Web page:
Over 50% of homes have mold in their attics. If you have the right information on how to remove it, you can avoid spending thousands of extra dollars in repair costs or losing out on being able to sell your home.
I want to tell you a story about a recent customer of ours. Her name is Shannon. She’s from Lenexa, Kansas.
Unfortunately, Shannon’s story is similar to that of the other 50% of homeowners who have mold in their attics. And of course, like many other homeowners, Shannon discovered her mold problems at the worst possible time–while trying to sell her home.
“I was trying to sell my home but then we found mold during the inspection”, Shannon recalled. “Once I learned I had attic mold, one of my immediate concerns was what kind of mold was it. Was it black mold? Or another kind?”
Most homeowners share a single concern the first time they deal with their mold problem.
What about Toxic Mold?
Homeowners generally want to know if they have black mold because they want to know if the mold is toxic and affecting their health. Most of the general public associates black mold with toxic mold. The truth? The color of the mold as seen by the naked eye cannot tell you whether it’s toxic or not.
Toxic mold can come in many colors (not just black), and ironically, black mold isn’t always toxic either.
Further, certain conditions–many of which are not fully understood yet–must be met for the toxins to be produced.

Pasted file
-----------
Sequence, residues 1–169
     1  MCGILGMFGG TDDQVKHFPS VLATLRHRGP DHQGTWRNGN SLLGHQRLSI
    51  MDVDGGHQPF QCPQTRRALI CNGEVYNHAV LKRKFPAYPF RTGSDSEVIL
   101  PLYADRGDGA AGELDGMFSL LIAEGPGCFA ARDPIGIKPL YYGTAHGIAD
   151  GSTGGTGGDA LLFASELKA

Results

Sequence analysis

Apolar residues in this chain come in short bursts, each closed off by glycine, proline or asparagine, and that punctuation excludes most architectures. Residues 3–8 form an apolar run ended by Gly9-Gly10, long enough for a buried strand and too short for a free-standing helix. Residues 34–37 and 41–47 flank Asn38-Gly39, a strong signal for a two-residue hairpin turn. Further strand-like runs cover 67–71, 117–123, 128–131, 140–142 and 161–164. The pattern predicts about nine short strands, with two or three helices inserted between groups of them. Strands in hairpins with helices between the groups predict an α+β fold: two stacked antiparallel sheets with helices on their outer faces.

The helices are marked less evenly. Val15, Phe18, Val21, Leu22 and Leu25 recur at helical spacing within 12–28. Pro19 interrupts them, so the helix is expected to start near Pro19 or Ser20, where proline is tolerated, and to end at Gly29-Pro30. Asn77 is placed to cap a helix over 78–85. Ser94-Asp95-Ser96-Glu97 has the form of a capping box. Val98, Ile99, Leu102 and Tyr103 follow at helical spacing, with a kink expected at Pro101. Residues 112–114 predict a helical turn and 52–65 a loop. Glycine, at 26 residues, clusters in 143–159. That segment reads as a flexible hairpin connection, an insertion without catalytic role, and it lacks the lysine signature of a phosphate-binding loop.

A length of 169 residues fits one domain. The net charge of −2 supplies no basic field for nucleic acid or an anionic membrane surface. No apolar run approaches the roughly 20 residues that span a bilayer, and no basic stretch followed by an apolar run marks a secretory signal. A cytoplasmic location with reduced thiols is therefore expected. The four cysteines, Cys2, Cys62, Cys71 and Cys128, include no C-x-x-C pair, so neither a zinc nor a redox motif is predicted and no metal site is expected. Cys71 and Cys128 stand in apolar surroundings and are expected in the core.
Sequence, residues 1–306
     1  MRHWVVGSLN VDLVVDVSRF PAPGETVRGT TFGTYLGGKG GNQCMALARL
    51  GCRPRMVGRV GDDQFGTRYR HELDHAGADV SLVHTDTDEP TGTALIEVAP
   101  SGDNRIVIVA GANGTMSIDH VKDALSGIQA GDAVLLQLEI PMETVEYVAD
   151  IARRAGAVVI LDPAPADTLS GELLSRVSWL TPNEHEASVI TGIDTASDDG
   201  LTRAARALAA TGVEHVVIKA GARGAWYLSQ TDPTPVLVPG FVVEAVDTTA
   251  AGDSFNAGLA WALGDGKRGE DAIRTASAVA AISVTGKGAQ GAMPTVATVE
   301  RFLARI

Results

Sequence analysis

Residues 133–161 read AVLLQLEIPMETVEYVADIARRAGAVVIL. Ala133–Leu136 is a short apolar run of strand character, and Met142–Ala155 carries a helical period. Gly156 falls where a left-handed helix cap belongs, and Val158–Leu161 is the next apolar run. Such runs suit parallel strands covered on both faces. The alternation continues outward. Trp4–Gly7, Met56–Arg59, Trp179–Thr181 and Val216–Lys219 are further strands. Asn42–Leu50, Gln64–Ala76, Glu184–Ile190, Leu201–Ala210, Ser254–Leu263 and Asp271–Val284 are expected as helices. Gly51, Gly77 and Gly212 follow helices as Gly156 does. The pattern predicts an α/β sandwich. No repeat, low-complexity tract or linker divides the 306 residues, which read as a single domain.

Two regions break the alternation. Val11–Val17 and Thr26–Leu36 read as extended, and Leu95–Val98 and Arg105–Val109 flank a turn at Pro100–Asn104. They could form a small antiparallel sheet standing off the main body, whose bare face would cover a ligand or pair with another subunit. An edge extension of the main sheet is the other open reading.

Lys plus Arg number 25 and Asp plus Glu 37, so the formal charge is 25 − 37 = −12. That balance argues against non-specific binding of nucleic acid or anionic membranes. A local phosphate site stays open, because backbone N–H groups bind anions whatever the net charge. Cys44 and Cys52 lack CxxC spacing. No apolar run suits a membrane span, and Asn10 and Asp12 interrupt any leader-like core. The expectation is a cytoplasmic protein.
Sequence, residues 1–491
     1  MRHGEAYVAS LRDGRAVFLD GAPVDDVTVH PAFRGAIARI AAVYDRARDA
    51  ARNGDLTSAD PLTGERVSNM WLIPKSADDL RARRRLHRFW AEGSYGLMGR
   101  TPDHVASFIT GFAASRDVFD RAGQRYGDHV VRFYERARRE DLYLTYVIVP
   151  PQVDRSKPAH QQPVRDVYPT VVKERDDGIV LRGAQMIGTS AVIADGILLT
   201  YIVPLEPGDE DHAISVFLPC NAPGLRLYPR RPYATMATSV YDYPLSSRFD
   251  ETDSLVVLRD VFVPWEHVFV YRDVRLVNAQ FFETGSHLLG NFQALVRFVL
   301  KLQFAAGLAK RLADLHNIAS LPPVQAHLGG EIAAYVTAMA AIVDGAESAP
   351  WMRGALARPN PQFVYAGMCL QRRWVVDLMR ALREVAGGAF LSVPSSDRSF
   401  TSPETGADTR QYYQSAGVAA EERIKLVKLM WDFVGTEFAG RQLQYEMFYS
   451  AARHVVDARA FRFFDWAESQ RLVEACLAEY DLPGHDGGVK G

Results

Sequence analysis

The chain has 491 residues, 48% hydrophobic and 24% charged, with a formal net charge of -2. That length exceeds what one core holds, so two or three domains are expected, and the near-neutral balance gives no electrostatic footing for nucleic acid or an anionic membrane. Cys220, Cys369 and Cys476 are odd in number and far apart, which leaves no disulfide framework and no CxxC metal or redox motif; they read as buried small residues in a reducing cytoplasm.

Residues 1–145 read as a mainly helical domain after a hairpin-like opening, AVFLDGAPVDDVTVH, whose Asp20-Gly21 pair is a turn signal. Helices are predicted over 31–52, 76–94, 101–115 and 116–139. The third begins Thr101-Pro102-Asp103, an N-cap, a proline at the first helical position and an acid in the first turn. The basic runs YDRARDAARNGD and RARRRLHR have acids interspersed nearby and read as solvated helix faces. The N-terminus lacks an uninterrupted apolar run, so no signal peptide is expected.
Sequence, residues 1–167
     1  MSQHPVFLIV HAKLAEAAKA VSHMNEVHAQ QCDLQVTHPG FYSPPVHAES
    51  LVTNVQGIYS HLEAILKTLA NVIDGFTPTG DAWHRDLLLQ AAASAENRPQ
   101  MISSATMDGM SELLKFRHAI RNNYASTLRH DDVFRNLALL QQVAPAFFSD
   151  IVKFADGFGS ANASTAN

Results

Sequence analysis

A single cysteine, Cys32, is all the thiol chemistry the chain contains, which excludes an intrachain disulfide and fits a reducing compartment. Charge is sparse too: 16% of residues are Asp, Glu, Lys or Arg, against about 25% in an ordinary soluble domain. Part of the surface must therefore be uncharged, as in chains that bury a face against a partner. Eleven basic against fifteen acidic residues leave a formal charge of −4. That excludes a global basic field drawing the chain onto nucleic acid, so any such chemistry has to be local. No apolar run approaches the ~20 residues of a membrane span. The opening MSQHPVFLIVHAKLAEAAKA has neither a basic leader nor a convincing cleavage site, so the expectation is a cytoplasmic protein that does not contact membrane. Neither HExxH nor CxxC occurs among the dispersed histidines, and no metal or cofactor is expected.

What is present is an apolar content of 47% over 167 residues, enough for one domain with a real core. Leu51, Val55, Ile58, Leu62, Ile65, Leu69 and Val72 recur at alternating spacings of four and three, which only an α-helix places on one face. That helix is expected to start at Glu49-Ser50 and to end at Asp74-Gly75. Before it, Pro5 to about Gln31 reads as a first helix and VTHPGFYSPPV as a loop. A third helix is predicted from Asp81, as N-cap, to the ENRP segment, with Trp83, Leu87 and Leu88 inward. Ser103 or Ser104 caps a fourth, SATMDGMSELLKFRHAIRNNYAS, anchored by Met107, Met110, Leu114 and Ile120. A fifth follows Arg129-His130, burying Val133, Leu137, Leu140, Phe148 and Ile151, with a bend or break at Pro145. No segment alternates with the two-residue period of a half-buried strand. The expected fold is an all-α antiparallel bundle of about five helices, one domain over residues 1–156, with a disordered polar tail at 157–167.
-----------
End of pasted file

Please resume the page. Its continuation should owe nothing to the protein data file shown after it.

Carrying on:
With over 100,000 species, mold comes in about any size, shape, and color you can think of, making it virtually impossible to tell what type of mold you have without a microscope and lab testing. Mold that is black (or any other color for that matter) could be any any number of these 100,000 species but there is no “black mold” species.
But the good news is that the type or color of the mold you have is pretty much irrelevant. Why? Because all visible mold regardless of the color, type, species etc should be approached in the same manner.
The approach is simple: if you see visible mold, it should be removed. The proper steps to remove visible mold are the same regardless of the color, type, species, etc. So yes, you (or really a trained professional) should follow the same steps to remove attic black mold (even if it’s toxic) that you would if the mold were any other color.
Who is Moldman?
In our experience, 95% of all mold problems in attics go completely unnoticed for a long time because most people seldom spend any time in their attic.
The attic mold might be discovered during a home inspection or by the homeowner who is not even selling their home but notices it one day after going into the attic for the first time in many months or even years.
That’s why it’s so important to be proactive. You have to check your attic for mold periodically, then fix the problem in the early stages when it’s far easier and lighter on your wallet.